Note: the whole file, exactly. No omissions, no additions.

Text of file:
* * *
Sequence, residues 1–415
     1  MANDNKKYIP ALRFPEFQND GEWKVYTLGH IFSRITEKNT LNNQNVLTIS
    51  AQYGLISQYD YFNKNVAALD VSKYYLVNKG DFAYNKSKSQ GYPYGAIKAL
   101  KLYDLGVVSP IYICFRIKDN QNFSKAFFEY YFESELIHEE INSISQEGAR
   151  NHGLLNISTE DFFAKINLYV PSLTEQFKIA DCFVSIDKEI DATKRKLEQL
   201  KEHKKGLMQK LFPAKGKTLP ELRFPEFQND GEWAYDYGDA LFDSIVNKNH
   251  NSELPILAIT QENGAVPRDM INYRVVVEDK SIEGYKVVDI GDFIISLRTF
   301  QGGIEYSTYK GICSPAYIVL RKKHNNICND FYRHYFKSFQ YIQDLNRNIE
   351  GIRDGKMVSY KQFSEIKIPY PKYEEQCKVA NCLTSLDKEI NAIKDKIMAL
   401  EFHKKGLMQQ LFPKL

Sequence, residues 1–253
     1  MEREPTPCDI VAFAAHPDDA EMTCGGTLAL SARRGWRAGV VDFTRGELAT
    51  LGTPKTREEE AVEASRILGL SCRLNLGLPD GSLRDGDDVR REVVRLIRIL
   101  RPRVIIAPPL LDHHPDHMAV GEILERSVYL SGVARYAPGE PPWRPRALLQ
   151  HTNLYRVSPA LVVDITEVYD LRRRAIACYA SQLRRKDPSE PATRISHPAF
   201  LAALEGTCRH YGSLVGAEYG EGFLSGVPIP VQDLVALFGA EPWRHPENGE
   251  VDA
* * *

Sequence, residues 1–415
     1  MANDNKKYIP ALRFPEFQND GEWKVYTLGH IFSRITEKNT LNNQNVLTIS
    51  AQYGLISQYD YFNKNVAALD VSKYYLVNKG DFAYNKSKSQ GYPYGAIKAL
   101  KLYDLGVVSP IYICFRIKDN QNFSKAFFEY YFESELIHEE INSISQEGAR
   151  NHGLLNISTE DFFAKINLYV PSLTEQFKIA DCFVSIDKEI DATKRKLEQL
   201  KEHKKGLMQK LFPAKGKTLP ELRFPEFQND GEWAYDYGDA LFDSIVNKNH
   251  NSELPILAIT QENGAVPRDM INYRVVVEDK SIEGYKVVDI GDFIISLRTF
   301  QGGIEYSTYK GICSPAYIVL RKKHNNICND FYRHYFKSFQ YIQDLNRNIE
   351  GIRDGKMVSY KQFSEIKIPY PKYEEQCKVA NCLTSLDKEI NAIKDKIMAL
   401  EFHKKGLMQQ LFPKL

Sequence, residues 1–253
     1  MEREPTPCDI VAFAAHPDDA EMTCGGTLAL SARRGWRAGV VDFTRGELAT
    51  LGTPKTREEE AVEASRILGL SCRLNLGLPD GSLRDGDDVR REVVRLIRIL
   101  RPRVIIAPPL LDHHPDHMAV GEILERSVYL SGVARYAPGE PPWRPRALLQ
   151  HTNLYRVSPA LVVDITEVYD LRRRAIACYA SQLRRKDPSE PATRISHPAF
   201  LAALEGTCRH YGSLVGAEYG EGFLSGVPIP VQDLVALFGA EPWRHPENGE
   251  VDA